Then we got some more pseudo-science: Kaskutas, a self-proclaimed atheist, said that the 12 steps bear fruit regardless of one's spiritual beliefs. "If you don't believe in God, the way it weasels in is in the help and behaviors that the 12-step group inculcates." What help and behaviors? This is a fantasy. Show me the research. The 12-Step program has all kinds of bad effects, like raising the death rate in alcoholics, and the suicide rate, and the rate of binge drinking. See:

@Red Selton:

I have not "grossly misrepresented" Dr. George Vaillant's report on his test of A.A.'s effectiveness.

The success rate that you are claiming — 27% or 34% achieving "stable abstinence" — is a faked number. In his first book The Natural History of Alcoholism, Dr. George Vaillant, a man who just loves A.A. and who went on to become a Trustee of Alcoholics Anonymous World Services, Inc., clearly stated that he tracked his first 100 A.A.-treated patients for 8 years, and the result, after 8 years of A.A. treatment was: 5 continuously sober, 29 dead, and 66 still drinking. And Dr. Vaillant candidly admitted that A.A. had not improved the sobriety rate of alcoholics at all. A group of untreated alcoholics got the same 5% sobriety rate.

Look here for much more on that:

But that was such a bitter pill for Dr. Vaillant to swallow, because he just loves the A.A. religion and promotes it all that he can, that he "reinterpreted" the numbers in his next book The Natural History of Alcoholism Revisited. On page 191 of Revisited, Dr. Vaillant plainly stated that he counted dead people as sober in order to improve the A.A. numbers. Really now. Some guy is so sick that he is dying, and the doctor tells him that he is dying because alcohol destroyed his liver, so the guy quits drinking and stays sober for a while, and then he dies. And then Vaillant calls him an A.A. success story. That isn't my idea of success.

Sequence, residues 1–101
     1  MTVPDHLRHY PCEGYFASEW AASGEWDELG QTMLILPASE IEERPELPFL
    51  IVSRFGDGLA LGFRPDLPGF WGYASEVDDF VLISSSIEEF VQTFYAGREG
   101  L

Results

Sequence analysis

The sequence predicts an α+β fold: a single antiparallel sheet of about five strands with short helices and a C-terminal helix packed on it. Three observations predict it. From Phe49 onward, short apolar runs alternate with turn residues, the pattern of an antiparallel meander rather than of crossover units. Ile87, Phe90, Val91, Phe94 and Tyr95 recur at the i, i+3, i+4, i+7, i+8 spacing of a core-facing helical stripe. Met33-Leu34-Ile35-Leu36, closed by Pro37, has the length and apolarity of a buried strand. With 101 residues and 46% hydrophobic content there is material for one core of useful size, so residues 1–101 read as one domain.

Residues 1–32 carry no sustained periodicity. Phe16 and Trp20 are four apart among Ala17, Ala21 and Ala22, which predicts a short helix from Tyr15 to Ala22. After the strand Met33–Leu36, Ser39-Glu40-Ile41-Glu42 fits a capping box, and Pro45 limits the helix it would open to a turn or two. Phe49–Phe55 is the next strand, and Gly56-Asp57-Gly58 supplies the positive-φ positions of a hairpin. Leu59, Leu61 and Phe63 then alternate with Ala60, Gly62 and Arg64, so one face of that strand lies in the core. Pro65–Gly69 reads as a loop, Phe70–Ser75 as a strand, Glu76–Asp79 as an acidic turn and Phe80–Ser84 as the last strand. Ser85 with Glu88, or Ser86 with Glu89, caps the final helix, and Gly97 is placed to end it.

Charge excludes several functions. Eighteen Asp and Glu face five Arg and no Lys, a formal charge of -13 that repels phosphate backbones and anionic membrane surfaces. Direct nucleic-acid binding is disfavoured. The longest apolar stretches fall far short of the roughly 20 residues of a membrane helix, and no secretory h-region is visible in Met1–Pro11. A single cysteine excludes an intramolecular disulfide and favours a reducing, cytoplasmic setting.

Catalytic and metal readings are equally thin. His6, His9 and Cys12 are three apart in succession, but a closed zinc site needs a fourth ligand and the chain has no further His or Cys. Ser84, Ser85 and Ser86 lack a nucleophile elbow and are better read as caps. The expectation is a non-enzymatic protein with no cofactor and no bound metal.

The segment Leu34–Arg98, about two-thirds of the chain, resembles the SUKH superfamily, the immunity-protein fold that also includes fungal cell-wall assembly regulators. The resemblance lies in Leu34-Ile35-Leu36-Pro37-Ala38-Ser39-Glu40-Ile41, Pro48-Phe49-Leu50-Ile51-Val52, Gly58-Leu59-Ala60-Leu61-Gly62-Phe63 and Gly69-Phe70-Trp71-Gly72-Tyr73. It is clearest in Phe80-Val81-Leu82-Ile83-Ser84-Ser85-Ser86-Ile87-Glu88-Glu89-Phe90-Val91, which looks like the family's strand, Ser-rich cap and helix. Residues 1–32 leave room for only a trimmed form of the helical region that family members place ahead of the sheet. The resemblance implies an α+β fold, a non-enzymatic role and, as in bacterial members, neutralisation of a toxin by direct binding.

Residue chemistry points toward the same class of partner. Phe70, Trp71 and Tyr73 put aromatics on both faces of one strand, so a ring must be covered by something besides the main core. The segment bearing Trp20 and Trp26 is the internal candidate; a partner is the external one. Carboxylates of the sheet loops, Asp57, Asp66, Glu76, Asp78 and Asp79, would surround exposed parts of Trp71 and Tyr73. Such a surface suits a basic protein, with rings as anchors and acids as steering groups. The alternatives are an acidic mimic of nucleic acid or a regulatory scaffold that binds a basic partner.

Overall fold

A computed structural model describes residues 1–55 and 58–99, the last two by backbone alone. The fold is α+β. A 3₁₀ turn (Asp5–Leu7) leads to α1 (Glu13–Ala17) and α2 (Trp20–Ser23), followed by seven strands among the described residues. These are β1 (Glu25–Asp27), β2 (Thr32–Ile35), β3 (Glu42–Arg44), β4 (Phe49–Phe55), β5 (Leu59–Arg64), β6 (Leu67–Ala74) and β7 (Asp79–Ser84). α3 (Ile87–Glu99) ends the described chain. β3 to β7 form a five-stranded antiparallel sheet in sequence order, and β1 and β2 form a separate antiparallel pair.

Dr. Vaillant also moved the goalposts: Alcoholics didn't have to be 100% sober in order to qualify as "in stable remission". Vaillant said that he counted alcoholics as continuously sober if they were sober just 51 weeks out of the year. So an alcoholic could party his brains out for a whole week each year and still claim many years of continuous sobriety. Tell me, would you give a 3-year sobriety medallion to an alcoholic whom you knew was drunk every year from Christmas through New Years? Would you count him as continuously sober? Or would you say that he lost all of his sober time and was back to Day One of sobriety?

So, by a combination of counting dead people as sober success stories, and redefining "sobriety", Dr. Vaillant fudged a 5% success rate into a 34% success rate.

We discussed this issue at greater length in this letter:

Now, you did not bother to tell us the source of your numbers. You bandy about a 27% cure rate, and claim that 32 patients attended A.A. regularly, and 50% of them got sober, but you did not say what document you are citing. Please say where you are getting your numbers.

[UPDATE (several years later): As is so common, there was no answer to such questions. Not ever.]

AFTERTHOUGHT: I noticed that 29+5=34. The 5 is the 5 people who stayed sober in Dr. Vaillant's 8-year test of A.A. treatment, and the 29 is the 29 people who died in the test. It look like, when Dr. Vaillant "reinterpreted" the numbers, he simply added the sober people and the dead people together to come up with 34 A.A. success stories. It appears that Dr. Vaillant counted ALL of the dead people as A.A. success stories.

The only other possible mathematical explanation is that, by changing the definition of "sobriety", Dr. Vaillant counted some of the drinkers as sober, "in stable remission".

So, the best that we can say for Dr. Vaillant's "reinterpretation" of A.A. results is that he counted some dead people as sober, and some drinkers as sober, so that he could could brag about "The success of Alcoholics Anonymous".

Dead, or dead drunk? That isn't my idea of a success story.

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Last updated 13 September 2018.